A handcuffed man breaks free, fires a handgun and escapes out of the back of a police car. It's dramatic video that's frightening to any police officer.
It happened in the Highland Park suburb of Dallas.
On June 4th of last year, Highland Park police took down a man riding a motorcycle they said was reported as stolen.
A driver gets video of the officers searching the suspect. He's identified as 32-year-old David Hartman.
The dash camera video picks back up with an officer loading Hartman into a police SUV. He pats him down on the right side. He then takes a quick swipe along his left side.
Austin Police Association President Wayne Vincent immediately spots the mistake.
"The officer was going to look in that direction, but chose not to so he did escalate anything. That could've gotten somebody killed," Vincent said.
It nearly did. Hartman slips his handcuffs under his feet, he then reaches into his pants and brings out a small caliber handgun. He slides across the seat, shoots out the window, kicks out the glass and runs.
Hartman died from his injuries.
Vincent fears a similar scenario might happen in Austin.
"There's a difference between a pat down and a search. If we're patting down, just to make sure you don't have weapons it's an outside search for hard objects or objects that might hurt us. A search is what happens when you make the arrest. When the handcuffs go on you search before you put them in the car," said Vincent.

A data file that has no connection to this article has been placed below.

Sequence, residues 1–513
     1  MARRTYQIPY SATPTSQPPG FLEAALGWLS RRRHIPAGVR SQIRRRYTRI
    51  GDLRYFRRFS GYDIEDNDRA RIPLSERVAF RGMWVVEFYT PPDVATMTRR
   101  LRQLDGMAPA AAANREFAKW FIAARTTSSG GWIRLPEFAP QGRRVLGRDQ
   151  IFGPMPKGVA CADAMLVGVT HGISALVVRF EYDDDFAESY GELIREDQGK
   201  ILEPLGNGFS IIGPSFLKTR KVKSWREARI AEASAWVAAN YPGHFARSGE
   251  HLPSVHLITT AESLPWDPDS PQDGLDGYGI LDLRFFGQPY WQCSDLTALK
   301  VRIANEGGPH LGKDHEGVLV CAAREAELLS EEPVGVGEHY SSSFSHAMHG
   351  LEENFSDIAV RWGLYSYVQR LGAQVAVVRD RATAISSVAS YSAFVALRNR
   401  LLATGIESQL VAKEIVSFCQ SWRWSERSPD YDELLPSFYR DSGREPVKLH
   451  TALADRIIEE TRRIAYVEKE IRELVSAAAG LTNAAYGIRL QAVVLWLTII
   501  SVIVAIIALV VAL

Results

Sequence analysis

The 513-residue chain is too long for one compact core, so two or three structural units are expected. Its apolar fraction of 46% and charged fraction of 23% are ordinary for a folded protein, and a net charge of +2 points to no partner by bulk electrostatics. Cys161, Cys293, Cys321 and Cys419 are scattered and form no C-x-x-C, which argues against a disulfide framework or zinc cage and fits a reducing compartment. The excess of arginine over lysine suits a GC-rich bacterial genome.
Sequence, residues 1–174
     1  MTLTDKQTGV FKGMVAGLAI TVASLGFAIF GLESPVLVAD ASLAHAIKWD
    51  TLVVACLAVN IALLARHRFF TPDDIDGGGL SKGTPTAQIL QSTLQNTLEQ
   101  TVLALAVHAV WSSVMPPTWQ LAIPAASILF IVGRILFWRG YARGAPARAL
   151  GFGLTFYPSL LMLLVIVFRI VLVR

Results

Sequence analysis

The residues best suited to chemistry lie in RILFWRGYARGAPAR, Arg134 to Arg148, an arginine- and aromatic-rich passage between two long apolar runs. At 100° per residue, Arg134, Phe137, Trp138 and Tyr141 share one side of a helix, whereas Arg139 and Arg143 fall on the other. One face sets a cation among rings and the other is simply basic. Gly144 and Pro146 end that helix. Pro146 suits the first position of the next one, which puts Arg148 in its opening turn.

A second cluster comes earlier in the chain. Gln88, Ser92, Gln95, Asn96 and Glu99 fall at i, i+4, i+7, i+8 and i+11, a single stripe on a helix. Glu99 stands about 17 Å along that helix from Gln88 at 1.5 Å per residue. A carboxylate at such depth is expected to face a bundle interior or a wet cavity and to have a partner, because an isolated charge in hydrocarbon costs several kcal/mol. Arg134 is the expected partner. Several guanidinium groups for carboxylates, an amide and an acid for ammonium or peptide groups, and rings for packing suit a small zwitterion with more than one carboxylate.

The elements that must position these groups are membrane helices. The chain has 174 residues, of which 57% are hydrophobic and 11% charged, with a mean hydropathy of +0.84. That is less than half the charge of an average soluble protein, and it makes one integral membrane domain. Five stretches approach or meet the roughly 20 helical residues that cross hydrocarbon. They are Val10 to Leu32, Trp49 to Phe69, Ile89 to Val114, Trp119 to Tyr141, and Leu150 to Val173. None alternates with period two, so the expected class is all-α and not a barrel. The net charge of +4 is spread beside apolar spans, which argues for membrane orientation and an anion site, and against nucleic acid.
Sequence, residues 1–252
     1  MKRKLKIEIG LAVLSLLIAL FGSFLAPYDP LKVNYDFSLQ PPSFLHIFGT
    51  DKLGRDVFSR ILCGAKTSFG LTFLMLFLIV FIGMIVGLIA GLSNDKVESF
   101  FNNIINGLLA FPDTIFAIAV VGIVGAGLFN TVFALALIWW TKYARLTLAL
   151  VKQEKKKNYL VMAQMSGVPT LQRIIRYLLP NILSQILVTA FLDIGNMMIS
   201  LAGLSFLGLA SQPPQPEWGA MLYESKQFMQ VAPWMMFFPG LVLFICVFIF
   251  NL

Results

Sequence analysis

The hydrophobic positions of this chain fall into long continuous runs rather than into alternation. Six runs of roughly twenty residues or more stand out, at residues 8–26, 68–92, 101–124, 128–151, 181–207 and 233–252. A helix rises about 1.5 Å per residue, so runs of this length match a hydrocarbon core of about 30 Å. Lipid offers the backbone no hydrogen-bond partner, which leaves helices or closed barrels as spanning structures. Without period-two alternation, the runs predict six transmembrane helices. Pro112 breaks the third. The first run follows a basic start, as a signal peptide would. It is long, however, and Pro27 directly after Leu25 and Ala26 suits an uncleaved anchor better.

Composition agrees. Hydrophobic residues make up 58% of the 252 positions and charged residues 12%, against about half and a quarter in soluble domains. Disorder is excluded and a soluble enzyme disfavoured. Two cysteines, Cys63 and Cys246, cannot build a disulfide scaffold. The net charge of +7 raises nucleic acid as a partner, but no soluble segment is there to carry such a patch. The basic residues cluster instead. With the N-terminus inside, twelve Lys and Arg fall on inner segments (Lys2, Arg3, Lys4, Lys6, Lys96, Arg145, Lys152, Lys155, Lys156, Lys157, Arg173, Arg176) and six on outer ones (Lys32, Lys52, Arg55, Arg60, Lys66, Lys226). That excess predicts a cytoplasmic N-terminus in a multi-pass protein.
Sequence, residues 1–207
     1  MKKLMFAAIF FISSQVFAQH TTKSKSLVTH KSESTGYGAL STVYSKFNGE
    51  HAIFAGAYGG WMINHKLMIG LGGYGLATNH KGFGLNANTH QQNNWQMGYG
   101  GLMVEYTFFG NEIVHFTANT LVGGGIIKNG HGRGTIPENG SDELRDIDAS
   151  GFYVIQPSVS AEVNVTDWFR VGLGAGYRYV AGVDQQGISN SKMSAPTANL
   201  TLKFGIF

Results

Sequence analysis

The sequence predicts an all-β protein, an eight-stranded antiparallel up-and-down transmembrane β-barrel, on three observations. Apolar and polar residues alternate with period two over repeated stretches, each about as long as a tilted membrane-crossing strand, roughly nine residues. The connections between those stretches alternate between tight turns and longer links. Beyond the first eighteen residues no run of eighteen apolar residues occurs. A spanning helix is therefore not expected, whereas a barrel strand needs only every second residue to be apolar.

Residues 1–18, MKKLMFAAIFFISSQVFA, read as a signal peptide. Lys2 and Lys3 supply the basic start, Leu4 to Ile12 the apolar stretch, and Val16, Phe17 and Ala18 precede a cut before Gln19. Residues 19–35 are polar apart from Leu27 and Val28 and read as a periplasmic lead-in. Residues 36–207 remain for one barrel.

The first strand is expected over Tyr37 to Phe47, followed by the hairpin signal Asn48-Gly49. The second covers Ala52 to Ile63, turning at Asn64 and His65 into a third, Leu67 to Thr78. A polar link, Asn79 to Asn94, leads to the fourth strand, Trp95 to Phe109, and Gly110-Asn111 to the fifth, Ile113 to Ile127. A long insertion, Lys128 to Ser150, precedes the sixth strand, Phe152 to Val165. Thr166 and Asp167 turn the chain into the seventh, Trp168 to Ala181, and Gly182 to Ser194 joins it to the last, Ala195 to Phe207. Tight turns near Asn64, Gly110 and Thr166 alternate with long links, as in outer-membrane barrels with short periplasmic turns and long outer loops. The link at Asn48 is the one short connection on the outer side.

"Too many times, it happens here in Austin, our officers are in a hurry to put the person behind in the back seat, not hurt them, not fight w them anymore, because we get in trouble for using excessive force and sometimes those searches aren't conducted," Vincent said.
Vincent says he's made mistakes.
"I have missed a pocket knife. I have missed things that could've hurt me if the person had wanted to try and do that," he said. "Sometimes you go home and you think about how stupid you were but that just makes you better."
He says every officer can learn from this video.
"It's just another stark reminder that we as police officers cannot let our guard down no matter who we think we're talking to and who we're dealing with," said Vincent.